Vol. 11, No. 3, 2018

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ISSN: 1944-4184 (e-only)
ISSN: 1944-4176 (print)
Six variations on a theme: almost planar graphs

Max Lipton, Eoin Mackall, Thomas W. Mattman, Mike Pierce, Samantha Robinson, Jeremy Thomas and Ilan Weinschelbaum

Vol. 11 (2018), No. 3, 413–448
Abstract

A graph is apex if it can be made planar by deleting a vertex, that is, there exists v such that G v is planar. We also define several related notions; a graph is edge apex if there exists e such that G e is planar, and contraction apex if there exists e such that Ge is planar. Additionally we define the analogues with a universal quantifier: for all v, G v is planar; for all e, G e is planar; and for all e, Ge is planar. The graph minor theorem of Robertson and Seymour ensures that each of these six notions gives rise to a finite set of obstruction graphs. For the three definitions with universal quantifiers we determine this set. For the remaining properties, apex, edge apex, and contraction apex, we show there are at least 36, 55, and 82 obstruction graphs respectively. We give two similar approaches to almost nonplanar (there exists e such that G + e is nonplanar, and for all e, G + e is nonplanar) and determine the corresponding minor minimal graphs.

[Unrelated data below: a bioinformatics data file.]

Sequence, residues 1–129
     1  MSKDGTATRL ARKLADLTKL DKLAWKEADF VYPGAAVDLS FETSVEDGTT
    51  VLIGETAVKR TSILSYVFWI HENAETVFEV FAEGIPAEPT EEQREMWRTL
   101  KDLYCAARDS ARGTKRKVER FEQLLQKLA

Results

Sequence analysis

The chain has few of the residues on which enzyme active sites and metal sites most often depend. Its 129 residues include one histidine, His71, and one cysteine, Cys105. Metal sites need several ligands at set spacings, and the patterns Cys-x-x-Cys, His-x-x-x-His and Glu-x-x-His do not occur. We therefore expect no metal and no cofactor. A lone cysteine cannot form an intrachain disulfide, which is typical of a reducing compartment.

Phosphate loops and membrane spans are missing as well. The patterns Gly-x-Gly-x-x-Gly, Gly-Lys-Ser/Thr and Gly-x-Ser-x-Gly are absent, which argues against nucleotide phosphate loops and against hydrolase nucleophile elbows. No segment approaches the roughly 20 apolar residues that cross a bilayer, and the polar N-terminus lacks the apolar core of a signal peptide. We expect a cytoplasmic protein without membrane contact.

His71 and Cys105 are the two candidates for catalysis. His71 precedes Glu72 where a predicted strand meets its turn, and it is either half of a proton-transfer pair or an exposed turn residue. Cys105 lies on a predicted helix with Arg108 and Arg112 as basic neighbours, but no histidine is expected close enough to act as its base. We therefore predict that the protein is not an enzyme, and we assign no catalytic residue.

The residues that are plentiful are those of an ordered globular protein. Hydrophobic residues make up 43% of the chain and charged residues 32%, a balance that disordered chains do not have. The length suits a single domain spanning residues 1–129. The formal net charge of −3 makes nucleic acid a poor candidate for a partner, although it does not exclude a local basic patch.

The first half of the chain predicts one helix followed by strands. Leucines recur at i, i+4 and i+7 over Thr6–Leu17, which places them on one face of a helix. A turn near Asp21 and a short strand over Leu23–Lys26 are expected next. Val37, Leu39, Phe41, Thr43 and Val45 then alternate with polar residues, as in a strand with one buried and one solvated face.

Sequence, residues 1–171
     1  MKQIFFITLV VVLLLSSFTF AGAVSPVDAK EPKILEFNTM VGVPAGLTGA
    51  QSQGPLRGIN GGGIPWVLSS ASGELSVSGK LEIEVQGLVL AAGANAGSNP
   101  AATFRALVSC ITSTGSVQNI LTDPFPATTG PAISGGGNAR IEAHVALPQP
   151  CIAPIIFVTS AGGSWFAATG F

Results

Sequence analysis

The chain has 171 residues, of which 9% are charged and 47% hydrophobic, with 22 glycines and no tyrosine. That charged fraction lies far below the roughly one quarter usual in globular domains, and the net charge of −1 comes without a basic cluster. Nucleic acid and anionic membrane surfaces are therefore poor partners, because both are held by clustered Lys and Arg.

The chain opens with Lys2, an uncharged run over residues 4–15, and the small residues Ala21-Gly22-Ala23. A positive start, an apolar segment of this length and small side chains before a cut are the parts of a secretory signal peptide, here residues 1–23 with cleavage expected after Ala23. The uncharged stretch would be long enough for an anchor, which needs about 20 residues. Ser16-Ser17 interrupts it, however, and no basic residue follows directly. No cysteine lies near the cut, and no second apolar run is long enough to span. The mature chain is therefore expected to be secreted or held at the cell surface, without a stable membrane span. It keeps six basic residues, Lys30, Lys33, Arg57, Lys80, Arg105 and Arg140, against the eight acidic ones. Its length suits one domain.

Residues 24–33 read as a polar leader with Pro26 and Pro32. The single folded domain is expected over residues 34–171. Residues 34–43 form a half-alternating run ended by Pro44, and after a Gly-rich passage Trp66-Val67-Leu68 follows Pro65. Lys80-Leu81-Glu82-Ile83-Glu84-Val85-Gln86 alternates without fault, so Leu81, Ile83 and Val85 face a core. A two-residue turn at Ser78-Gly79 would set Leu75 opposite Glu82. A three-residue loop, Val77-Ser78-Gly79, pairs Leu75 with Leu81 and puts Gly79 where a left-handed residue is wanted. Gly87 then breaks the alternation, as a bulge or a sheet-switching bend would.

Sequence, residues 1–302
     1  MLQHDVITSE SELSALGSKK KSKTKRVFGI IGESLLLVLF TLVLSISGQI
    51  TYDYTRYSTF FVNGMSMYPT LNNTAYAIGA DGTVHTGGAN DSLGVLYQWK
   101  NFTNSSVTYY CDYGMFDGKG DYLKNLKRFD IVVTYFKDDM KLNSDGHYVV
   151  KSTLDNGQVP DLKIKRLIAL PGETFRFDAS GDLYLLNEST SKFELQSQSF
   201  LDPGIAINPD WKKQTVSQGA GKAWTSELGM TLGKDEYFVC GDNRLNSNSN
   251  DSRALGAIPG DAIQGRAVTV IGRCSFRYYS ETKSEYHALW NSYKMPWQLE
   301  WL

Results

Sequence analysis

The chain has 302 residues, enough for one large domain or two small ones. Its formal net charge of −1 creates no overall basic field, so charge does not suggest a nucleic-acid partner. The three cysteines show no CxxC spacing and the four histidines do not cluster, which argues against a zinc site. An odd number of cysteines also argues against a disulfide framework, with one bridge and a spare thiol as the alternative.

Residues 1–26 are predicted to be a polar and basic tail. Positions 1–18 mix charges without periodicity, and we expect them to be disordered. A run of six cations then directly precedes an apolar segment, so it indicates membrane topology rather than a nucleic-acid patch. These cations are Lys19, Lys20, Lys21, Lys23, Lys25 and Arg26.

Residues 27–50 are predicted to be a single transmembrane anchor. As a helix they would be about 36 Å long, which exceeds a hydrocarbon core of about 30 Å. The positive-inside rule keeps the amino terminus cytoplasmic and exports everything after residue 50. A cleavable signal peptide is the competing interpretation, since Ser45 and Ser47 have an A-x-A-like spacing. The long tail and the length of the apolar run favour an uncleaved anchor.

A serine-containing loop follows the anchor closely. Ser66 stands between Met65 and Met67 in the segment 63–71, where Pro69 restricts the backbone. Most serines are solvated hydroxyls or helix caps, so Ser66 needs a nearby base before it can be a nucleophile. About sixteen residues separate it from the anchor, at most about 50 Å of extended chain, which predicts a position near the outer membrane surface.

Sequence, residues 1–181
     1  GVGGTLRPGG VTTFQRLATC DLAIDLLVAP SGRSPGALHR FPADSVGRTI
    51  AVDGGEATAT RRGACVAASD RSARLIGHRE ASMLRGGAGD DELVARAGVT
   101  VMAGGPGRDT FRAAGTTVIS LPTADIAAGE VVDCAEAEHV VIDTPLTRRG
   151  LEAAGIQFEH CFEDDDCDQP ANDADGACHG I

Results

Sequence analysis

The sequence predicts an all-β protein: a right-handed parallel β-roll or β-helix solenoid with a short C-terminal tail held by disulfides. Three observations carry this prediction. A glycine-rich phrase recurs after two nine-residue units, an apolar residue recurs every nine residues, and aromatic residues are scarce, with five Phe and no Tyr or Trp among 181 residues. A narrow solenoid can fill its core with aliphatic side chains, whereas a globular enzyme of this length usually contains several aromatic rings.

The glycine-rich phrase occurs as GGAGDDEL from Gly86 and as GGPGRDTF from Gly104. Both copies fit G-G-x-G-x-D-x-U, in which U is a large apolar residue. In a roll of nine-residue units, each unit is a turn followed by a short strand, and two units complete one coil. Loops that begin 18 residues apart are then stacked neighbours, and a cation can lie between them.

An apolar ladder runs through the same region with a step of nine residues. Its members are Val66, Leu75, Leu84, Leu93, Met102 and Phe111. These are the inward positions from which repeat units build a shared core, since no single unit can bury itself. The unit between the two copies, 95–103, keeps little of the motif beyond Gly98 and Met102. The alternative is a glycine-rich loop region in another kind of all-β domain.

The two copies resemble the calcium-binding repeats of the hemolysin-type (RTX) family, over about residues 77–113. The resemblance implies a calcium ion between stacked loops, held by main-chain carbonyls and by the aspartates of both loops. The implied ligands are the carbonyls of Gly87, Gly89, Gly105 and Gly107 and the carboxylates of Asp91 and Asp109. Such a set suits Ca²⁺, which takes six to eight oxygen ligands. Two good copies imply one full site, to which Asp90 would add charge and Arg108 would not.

Keywords
apex graphs, planar graphs, forbidden minors, obstruction set
Mathematical Subject Classification 2010
Primary: 05C10
Secondary: 57M15
Milestones
Received: 28 February 2015
Revised: 9 August 2016
Accepted: 22 May 2017
Published: 20 October 2017

Communicated by Joel Foisy
Authors
Max Lipton
Department of Mathematics
Cornell University
Ithaca, NY
United States
Eoin Mackall
Department of Mathematics and Statistics
California State University
Chico, CA
United States
Thomas W. Mattman
Department of Mathematics and Statistics
California State University
Chico, CA
United States
Mike Pierce
Department of Mathematics and Statistics
California State University
Chico, CA
United States
Samantha Robinson
Etna High School
Etna, CA
United States
Jeremy Thomas
Department of Mathematics and Statistics
California State University
Chico, CA
United States
Ilan Weinschelbaum
Department of Mathematics and Computer Science
Wesleyan University
Middletown, CT
United States